In 2008, I spent election night in California where the voters had just narrowly passed Proposition 8, prohibiting marriage for same-sex couples. At that moment, I wondered whether it would take decades to persuade Americans that gay and lesbian couples share many of their own hopes and dreams about marriage. But just five years later, we're starting 2014 with the freedom to marry secured in 17 states and the District of Columbia -- almost a third of the country -- with strong national support at 55 percent and climbing. In terms of social movements, progress has been lightning fast.
I'm thrilled by how far we've come, but there has been a key question nagging me: What is the level of support for the freedom to marry in states where same-sex marriage isn't legal? Where do voters stand in the middle of the country, not on the coasts?
Freedom to Marry commissioned Anzalone Liszt Grove Research last month to conduct a first-of-its-kind poll of registered voters who live in states without the freedom to marry. It found that a majority (51 percent) of registered voters in these mostly "red" states support marriage for same-sex couples, with only 41 percent opposed. The poll shows support strongest in the Central (59 percent) and Western (53 percent) parts of the country. In the South, voters are split evenly, 46 percent in support and 46 percent opposed.
In addition, the poll finds that regardless of personal views, 56 percent of voters in non-marriage states believe that marriage will be legal in their state in a couple of years. To me this translates into the reality that the train has left the station on the issue of marriage.
These results are remarkable -- remember, these are the states that still tell gay people that it's illegal to marry the person they love. But despite the fear-mongering of our opponents, none of the dire consequences they warn of -- not a single one -- has come to fruition in marriage states.
How have we come so far in such a short amount of time? The dramatic levels of support in these states reflect the impact of a national conversation America has been having about marriage and inherent values we hold dear. While the volume may be louder in the states where the issue has been debated on the ballot or in the statehouse, the national dialogue has clearly reached voters in every state.
Americans across the country have seen brave men and women who've served our country denied the opportunity to marry the person they love. They've seen elderly couples, together for 40 or more years, facing financial ruin with the death of a partner. They've seen major Republican leaders, civil rights leaders, professional athletes, and the President jump on board. They've seen their children going to school with classmates from different backgrounds and realized the importance of teaching them not to judge, to treat others as they would like to be treated.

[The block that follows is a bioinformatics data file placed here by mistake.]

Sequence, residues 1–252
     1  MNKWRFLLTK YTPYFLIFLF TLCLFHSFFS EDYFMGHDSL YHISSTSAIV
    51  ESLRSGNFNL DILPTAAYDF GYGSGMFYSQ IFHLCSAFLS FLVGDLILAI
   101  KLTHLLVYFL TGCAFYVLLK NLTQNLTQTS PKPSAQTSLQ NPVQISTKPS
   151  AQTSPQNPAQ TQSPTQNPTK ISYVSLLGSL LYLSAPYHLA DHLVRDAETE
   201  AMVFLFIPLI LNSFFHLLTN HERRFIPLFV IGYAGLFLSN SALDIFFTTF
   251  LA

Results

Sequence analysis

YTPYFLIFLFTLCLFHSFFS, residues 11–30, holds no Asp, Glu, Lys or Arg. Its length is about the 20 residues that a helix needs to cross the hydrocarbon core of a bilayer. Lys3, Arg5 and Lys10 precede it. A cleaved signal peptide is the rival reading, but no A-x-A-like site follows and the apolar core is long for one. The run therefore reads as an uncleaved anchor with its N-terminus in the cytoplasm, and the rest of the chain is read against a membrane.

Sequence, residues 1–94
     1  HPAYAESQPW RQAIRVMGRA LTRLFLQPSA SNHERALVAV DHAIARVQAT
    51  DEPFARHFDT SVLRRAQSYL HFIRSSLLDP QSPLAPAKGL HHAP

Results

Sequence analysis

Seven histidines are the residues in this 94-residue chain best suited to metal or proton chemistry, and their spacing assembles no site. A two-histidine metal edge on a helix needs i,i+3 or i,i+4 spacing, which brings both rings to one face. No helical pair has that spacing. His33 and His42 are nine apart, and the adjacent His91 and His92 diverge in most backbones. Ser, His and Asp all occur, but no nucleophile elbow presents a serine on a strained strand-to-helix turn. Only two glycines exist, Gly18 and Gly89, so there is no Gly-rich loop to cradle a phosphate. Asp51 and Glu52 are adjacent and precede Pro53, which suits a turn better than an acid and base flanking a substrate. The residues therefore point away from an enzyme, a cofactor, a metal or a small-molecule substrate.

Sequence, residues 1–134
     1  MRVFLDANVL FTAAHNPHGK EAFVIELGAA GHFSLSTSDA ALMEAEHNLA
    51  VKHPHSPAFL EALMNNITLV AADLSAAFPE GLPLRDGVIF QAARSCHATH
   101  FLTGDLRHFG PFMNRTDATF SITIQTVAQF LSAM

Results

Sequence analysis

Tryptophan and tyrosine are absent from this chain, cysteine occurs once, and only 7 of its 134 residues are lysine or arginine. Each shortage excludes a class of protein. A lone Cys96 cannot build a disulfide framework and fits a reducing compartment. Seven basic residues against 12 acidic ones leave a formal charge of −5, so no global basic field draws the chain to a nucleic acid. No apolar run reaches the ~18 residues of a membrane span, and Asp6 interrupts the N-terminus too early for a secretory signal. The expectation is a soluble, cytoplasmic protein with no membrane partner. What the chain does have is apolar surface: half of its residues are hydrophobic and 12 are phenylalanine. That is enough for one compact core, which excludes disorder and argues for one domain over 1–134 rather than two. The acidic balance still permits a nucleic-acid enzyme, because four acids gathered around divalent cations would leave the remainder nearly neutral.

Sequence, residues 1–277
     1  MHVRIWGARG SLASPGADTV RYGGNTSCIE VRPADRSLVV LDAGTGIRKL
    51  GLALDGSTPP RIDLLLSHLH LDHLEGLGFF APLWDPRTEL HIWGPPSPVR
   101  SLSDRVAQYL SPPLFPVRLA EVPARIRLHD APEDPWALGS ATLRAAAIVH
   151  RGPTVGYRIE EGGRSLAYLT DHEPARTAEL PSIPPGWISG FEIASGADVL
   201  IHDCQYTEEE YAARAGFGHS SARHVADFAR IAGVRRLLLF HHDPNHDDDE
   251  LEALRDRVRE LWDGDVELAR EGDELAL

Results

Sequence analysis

All is not done, however. The freedom to marry must come to all 50 states. Where you live shouldn't determine if you can marry the person you love. With nearly 40 pending marriage lawsuits in 21 states across the country, the courts will continue to move the freedom to marry along in these so-called "purple" and "red" states (see Utah and Oklahoma just in the past few weeks). Eventually, one of them (or a case yet to be filed) will reach the U.S. Supreme Court, where the justices will have the opportunity to provide national resolution and end marriage discrimination in the country once and for all.
No one knows exactly when the Court will take the next marriage case. In this dynamic period ahead, Freedom to Marry will be working the same Roadmap to Victory strategy that brought us to this state of extraordinary momentum. We must keep winning as many states as possible --including Oregon this year -- as part of our larger work shaping the climate for the Court to do the right thing when the justices do take up a case, whether that's as early as 2015, or in the next several years. While we can't control the timing of when the Court will act, we do know our pathway forward. We must keep showing, not just telling, why marriage matters, to convey that America is ready for marriage for all loving couples in every state.